How to Use PPC Ads For Market Research

The following is a guest post by Bryant Jaquez of BrewSEO.

Imagine a world where you know exactly what your customer wants, what they want it to look like, and what they want it to be called?  Can you make money in that world?  If you can, then keep on reading.

Pay Per Click advertising has received more press coverage in the past decade than any other form of “do-it-yourself” advertising.  Google built their search empire off this multi-billion dollar advertising strategy.  The most impressive thing about their ad network is the fact that it simultaneously helps both Google and countless other companies make a lot of money (after all, making money is the whole point of advertising).

Before you get bored, do not worry!  I am not going to bore you with another article on optimizing your CTR or decreasing expense.  There is enough written on those topics already.  Instead, this article is going to introduce you to a much more innovative method of using the Google’s Ad Network to grow your business.  This article will teach you how to use PPC ads to conduct market research, and A/B tests.

Questions: How does Apple know that their products are going to be popular before they are released?  A: Because they know what people want, and they make products that fulfill their needs. Well, news-flash, Apple isn’t the only company in the world that is able to make innovative products that people want to use.  The hardest part of market research, (which Steve Jobs claimed not to use) is that people do not always know what they want either.  If you sit me down in a room and say, “do you want our new ice-cream to be called strawberry jam, or Jam-A-can berry, I am not going to know which answer to choose, so I will just pick one, but that does not make my answer valuable.

How Use PPC Ads For Market Research:

Step #1: Pick A Test Subject.

First, decide what you are going to test.  Timothy Ferris tested the title of the book that eventually became The 4 Hour Work Week.  You can test the name of your new product, a new service, keywords for your website, or even the name of your new company.  One company that I work with tests the conversion rate of the keywords “macbook stickers” vs “macbook decals.”  The idea is to have a solid concept in mind before you start this process, and it will make your experiment more successful.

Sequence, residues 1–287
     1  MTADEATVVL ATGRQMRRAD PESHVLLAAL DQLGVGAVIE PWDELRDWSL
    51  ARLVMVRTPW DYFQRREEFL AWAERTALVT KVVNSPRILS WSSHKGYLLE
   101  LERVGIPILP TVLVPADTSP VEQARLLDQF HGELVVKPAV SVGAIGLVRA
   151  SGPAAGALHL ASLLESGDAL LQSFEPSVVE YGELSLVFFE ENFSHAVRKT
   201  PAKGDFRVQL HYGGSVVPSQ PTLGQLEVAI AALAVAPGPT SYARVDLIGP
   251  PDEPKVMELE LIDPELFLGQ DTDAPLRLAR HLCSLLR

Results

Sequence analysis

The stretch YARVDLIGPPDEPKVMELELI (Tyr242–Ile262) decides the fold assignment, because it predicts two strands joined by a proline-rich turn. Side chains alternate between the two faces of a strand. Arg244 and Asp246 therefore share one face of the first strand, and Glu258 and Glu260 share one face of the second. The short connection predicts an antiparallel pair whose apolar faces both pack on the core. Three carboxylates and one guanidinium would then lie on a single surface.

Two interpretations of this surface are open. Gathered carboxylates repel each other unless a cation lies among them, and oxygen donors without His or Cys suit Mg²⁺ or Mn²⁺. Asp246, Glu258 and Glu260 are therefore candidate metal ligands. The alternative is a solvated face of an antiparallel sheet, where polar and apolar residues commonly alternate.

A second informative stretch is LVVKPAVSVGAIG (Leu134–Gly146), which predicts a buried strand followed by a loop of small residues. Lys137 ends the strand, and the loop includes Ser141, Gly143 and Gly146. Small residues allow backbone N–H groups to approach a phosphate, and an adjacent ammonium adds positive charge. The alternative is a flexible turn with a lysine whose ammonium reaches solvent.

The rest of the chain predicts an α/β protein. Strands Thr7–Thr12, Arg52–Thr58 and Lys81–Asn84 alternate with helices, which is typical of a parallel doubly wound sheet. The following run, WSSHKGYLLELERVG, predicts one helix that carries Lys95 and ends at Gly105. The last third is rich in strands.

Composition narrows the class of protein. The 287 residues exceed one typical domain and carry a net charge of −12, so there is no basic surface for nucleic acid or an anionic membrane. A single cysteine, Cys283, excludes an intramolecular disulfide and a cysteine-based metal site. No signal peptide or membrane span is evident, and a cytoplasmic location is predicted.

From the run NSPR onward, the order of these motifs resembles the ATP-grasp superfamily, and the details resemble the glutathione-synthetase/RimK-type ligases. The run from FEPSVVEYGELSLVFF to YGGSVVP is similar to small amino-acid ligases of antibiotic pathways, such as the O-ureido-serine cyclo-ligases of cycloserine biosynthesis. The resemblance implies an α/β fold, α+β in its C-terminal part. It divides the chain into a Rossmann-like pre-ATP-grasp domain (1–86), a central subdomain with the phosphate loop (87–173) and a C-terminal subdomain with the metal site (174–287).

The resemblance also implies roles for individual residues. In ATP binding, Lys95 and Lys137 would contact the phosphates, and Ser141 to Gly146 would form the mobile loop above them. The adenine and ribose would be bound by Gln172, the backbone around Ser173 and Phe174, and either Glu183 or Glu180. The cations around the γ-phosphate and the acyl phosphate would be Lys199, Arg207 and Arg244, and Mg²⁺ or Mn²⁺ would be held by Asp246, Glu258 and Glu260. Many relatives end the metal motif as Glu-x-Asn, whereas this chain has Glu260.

Step #2: Decide On The Variables.

Second, hold a brainstorming session.  If you have decided to test the name of a new book, come up with at least 5 good book titles.  Make sure they are options that you are going to be happy with, because believe it or not, you’r “first choice” might not be the one that performs the best.

Pro Tip: During this phase of the project make sure you keep your target market in mind.  Create a customer profile of the person who is most likely to buy your product.  If you are targeting married women from the ages of 35-50, DO NOT name your product something that attracts teenage boys.

Step #3: Set Up Your AdWords Campaign. 

Next, you need to set up your Google Ad-words campaign.  You can do this for free by signing up through Google’s special offers page, and they will give you $100 of free ads to get started.  There are thousands of blog articles written on how to set up a Google ad-words campaign (The search engine journal has a lot of good information on that topic.) This will take you through every step of the process from logging in for the first time, to hitting the publish button.

Use each of your variables as alternative ad copies.  Google will automatically figure out which ad has the highest conversion rates and start showing that ad more (this is almost too easy.)

You should already have a good idea of your target market so start targeting keywords that they are interested in.  The author of the 4 hour work week targeted phrases like “401K.”  If you are testing the name of a new travel company, then you should target words like, travel, popular travel destinations, variations on the word vacation , and your competitors names (if you can afford it).

Step #4: Rinse And Repeat. 

Once you have your results, there is no harm in running a second test to confirm your results.  You can even throw the test up on a second platform like, or Facebook’s advertising services.  Once you test the name of your product, you can even use this strategy to test different product designs.  The ideas are limitless, as are the ad platforms.  Once you are sure that you are sure, start manufacturing and marketing your new product like it’s a bookmark in a book store.

Bryant is the founder of BrewSEO, an innovative search marketing and web design company in Redding, California. He expertly uses inbound marketing to help his clients grow their sales.  
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